14. The expropriation and publication of data on a proprietary document belonging to the diner, Bell, and Applebee’s is per se unethical conduct. There is no defense for it.
15. A diner does not voluntarily put herself in the public eye by what she writes on a check that is between her and the restaurant.
16. An interesting spin-off was raised by a vengeful waitress who defended Chelsea and said that when she was stiffed on a large bill, she informed the mayor of the town that the diner, a city lawyer, was plotting against the city with his meal companion. Even if he was, servers are professionally obligated to keep the contents of conversations they overhear confidential. If she had done this as a whistle-blower, it is ethically defensible. She did it to get even, which is not a justifiable reason, and the restaurant would be justified in firing her for doing it.
17. Yes, I sometimes have typos and other errors in my replies to comments. As regular readers know, I have them in my posts, too, though I am constantly cleaning them up. The typos in the comments are mostly due to the fact that I answer a lot of them, in addition to the fact that I can’t type or spell. This does not, as one commenter asserted, mean that I did not graduate from the schools I “claim” I did. And what makes you think graduates of those schools necessarily proof-read any better than I do?
18. As for the web-shaming fans who argue that Chelsea’s act was virtuous because such evil conduct should exposed, and anyone who acts so disgracefully deserves to be held up to disparagement across the globe: None of us should want to live in a society where every mistake we make is at risk to be preserved forever online, warping the opinions that others form of us for the rest of our lives. In Europe, it is called “the right to be forgotten.” The Golden Rule applies, not that Pastor Bell would recognize it. This is a perfect example of the kind of minor lapse–it’s 7 lousy bucks!—that the elephant gun of public shaming should not be used against.
19. Novel (and bad) rationalizations: 1) Because the waiter collected money, he became a co-owner of Applebee’s. Ugh, no. He is the agent of Applebee’s, and still just an employee. 2) The bill wasn’t proprietary, because it wasn’t copyrighted of trademarked. Wrong. “Proprietary” also means “property belonging to someone,” and the someone wasn’t Chelsea. 3) Bell’s comment on the bill slip was directed at the waiter personally, so the retaliation was only personal too. Ridiculous. First, it is unclear that the comment was directed at the waiter at all; I’d say it was directed at the restaurant that mandated the 18%. But even if it was directed at the waiter, it was directed at the waiter in his capacity as an employee, not personally….not that it would justify retaliation even if it was intended personally. 4) Applebee’s has an obligation to support retaliation for “blatant abuse” or an employee being “taken advantage of.” This suggests that every time a waiter is given an unfair tip, the restaurant should support web-shaming. The “blatant abuse” was withholding a seven buck tip—not nice, but “abuse”? This wasn’t even why Chelsea posted the bill—it was what was written on it that outraged her, and that didn’t “take advantage of anyone.” That was just someone being a mega-jerk.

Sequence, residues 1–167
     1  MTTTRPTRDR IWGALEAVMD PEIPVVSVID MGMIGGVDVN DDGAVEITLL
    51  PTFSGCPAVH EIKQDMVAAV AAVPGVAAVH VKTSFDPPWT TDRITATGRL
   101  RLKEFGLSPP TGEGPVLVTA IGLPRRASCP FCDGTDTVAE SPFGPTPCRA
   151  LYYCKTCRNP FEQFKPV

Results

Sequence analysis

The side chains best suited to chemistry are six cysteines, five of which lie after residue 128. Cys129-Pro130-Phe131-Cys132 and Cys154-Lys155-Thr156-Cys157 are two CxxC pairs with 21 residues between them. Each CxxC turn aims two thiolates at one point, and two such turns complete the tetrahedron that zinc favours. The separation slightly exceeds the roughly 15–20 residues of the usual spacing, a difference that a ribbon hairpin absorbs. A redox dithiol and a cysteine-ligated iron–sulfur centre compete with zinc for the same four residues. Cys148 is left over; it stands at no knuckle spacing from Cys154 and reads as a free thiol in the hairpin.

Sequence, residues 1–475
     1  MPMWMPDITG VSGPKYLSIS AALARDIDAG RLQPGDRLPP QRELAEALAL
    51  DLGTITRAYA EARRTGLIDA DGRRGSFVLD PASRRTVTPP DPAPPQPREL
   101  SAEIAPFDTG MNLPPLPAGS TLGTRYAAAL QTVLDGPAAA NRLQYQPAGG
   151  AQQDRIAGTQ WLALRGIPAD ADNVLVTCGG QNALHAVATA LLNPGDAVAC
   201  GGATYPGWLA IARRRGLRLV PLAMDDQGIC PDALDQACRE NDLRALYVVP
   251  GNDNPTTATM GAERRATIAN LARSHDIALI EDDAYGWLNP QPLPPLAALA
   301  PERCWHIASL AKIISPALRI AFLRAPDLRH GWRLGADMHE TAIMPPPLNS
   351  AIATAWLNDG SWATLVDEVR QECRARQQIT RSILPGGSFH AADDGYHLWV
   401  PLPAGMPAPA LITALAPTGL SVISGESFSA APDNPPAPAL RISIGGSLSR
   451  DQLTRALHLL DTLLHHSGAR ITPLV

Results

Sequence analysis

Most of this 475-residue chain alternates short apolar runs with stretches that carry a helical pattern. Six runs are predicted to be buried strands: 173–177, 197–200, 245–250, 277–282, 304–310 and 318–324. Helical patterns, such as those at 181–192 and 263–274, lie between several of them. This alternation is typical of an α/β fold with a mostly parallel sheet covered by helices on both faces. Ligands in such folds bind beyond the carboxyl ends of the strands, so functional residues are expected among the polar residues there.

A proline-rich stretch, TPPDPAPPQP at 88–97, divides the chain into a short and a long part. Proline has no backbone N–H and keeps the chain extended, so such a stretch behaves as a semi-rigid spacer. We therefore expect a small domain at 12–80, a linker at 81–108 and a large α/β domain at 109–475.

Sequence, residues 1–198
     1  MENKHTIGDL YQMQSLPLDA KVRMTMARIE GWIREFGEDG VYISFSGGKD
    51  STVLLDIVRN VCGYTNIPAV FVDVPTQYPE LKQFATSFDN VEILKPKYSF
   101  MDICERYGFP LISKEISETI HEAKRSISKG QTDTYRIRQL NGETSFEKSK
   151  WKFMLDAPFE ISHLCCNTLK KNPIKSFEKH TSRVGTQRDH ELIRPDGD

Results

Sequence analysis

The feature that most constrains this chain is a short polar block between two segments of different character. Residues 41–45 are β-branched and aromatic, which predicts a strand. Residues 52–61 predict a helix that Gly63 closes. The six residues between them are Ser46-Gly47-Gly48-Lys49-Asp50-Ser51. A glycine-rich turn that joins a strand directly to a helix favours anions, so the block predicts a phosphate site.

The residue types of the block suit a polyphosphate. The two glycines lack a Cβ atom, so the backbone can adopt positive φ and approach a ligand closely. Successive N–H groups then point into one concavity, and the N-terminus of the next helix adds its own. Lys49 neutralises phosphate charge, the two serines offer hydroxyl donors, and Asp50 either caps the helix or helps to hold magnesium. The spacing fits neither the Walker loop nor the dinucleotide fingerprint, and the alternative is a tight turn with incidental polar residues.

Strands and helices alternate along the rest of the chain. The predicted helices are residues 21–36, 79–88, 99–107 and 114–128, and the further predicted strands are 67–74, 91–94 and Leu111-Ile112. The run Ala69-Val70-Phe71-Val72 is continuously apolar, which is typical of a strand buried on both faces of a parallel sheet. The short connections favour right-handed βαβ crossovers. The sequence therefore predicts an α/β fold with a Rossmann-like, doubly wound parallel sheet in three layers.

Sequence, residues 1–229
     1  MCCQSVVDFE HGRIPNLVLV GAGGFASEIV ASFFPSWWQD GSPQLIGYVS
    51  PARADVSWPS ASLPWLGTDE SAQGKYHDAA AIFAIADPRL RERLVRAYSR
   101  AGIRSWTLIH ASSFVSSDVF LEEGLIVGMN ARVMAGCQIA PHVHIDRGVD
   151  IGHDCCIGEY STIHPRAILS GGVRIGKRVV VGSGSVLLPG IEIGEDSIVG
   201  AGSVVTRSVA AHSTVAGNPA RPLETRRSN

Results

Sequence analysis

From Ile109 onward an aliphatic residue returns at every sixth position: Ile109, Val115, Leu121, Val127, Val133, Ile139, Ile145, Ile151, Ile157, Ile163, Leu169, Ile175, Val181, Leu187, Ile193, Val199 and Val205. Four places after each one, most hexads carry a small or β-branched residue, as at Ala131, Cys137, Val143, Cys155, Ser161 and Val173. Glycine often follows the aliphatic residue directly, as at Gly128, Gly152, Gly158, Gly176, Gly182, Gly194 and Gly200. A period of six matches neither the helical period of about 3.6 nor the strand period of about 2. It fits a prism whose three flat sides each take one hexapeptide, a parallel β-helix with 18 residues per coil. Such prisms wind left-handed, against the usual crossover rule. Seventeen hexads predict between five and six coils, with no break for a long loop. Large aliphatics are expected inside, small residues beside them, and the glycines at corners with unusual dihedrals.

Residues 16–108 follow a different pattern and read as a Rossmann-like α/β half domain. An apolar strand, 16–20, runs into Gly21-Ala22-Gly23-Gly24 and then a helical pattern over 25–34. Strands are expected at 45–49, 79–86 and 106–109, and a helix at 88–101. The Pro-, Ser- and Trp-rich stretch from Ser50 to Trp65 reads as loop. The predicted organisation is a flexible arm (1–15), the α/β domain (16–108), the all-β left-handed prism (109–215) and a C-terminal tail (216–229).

20. This is not a free speech issue.
21. The Applebee’s employee manual has plenty of provisions prohibiting Chelsea’s conduct.
22. If you are tempted to argue, as one commenter did, that my use of an Applebee’s menu as a background on a day when I am getting nothing but comments related to this post suggests that I am endorsing the restaurant or otherwise a shill for it, heed this warning: Don’t. There are some insults I won’t tolerate, and this is one of them. UPDATE (2/2): The Applebee’s menu background was scheduled to be replaced today, but I’m leaving it up in honor of the cognitively damaged commenters, currently numbering two–one banned and one likely to be—who have accused me of shilling for the restaurant.
UPDATE (2/1): Now it appears that the pastor left a tip in cash, and only complained about it on the slip. And that Applebee’s charged her credit card with the tip anyway, meaning that it owes her money. If true, this makes Bell far less of a villain, and also makes her complaint to the restaurant more justifiable. It also makes Welch’s conduct look reckless and unfair, further justifying her dismissal.